Acting puzzled about simple tasks and allowing your kid to teach you the right way to do something can be a big hit. Your child will LOVE the playfulness and eagerly join you. “Does this sock go on my…hand? Head? Maybe ear? Oh my goodness, are you saying this goes on my foot?! Thanks for your help!”
It also may be helpful to use your imagination and pretend! “We are astronauts, let’s put on our seatbelts before we blast off! Takeoff in 5, 4, 3, 2, 1… BLASTOFF”
Parents can sometimes feel disconnected from their own sense of playfulness or feel shy or embarrassed about appearing silly. It can feel a little awkward at first, and you may have to reread examples before heading into scenarios that have been problematic in the past. Interacting with kids through their language—play—allows them to see you as fun, exciting, and relatable. Most importantly, the parent-child connection gets stronger when parents adopt new measures to reduce the number of power struggles that occur. Kids are far more willing to cooperate in moments when they feel seen, safe, supported, and understood overall.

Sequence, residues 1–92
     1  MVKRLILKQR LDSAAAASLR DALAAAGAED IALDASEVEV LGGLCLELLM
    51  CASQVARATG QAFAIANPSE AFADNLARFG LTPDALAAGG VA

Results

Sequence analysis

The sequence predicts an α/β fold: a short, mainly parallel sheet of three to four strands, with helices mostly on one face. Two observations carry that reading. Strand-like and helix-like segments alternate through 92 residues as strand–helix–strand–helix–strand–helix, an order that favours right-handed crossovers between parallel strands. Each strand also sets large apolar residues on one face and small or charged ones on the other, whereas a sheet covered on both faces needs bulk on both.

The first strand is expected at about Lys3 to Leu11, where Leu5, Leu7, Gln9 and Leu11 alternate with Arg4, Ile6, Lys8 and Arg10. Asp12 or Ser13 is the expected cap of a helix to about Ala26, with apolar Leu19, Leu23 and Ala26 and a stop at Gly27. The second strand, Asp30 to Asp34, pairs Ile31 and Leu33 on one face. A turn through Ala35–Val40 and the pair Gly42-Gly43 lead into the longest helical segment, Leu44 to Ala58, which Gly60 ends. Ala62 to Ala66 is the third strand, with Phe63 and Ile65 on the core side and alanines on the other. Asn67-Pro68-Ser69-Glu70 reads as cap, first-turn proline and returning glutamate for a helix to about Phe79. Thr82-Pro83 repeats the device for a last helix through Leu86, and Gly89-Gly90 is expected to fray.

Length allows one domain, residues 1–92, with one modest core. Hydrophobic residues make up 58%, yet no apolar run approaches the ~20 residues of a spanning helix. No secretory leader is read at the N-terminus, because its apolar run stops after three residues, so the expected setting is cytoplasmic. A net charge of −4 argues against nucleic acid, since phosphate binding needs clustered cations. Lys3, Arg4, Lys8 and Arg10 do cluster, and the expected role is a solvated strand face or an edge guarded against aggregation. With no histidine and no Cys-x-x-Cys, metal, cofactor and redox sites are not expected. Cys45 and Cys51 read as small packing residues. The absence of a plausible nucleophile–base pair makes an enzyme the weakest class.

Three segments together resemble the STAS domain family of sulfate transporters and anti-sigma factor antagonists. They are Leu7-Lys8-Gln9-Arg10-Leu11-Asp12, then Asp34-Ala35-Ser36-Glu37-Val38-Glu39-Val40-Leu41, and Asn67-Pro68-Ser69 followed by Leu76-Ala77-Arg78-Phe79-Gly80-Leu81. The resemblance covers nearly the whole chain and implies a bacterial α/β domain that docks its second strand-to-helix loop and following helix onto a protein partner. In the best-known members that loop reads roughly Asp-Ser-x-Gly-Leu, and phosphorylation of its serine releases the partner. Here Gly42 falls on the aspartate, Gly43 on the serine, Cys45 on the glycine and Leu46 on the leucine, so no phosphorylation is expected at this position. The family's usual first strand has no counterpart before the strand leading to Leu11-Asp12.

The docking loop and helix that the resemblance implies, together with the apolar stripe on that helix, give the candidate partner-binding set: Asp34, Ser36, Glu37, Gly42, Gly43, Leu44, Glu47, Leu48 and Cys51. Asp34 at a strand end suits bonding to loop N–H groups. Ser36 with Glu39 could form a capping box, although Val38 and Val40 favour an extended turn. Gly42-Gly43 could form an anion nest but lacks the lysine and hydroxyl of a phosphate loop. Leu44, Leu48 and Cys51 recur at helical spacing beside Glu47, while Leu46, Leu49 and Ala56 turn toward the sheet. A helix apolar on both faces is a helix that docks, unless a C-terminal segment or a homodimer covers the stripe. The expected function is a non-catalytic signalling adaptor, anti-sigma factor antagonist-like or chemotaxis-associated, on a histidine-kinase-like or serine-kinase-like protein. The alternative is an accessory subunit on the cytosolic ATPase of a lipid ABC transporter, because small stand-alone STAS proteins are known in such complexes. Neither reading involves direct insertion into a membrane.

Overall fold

2. Offer a choice to your child.
If your child is struggling with transitioning to the next activity, try offering a choice that allows them to enter into the decision-making process and gives them back some power. For example, they might not get to decide when their time with a videogame ends, but they can choose which activity they engage in next. This is also a safe opportunity to empower your children! They see they have choices and they can practice making decisions that meet their needs.
“Do you want to brush your teeth or change into your pjs before we read a book?”
It’s important to remember to not turn choices into implied threats by having one choice be unreasonably inequal to force your kid to make the choice you want (e.g., “Do you want to get in the car or do you want to get no presents for your birthday tomorrow?”). Instead choose options that are acceptable for the both of you (“Do you want to get in the car like we’re about to chase after a bad guy, or do you want me to help you get in the seat like I’m your robot butler? [in robot voice] ‘SIR, YOU NEED YOUR SEAT-BELT. ALLOW RO-BOT TO BUCKLE SEAT-BELT.’”).
3. Recognize and praise progress, then ask for completion of tasks.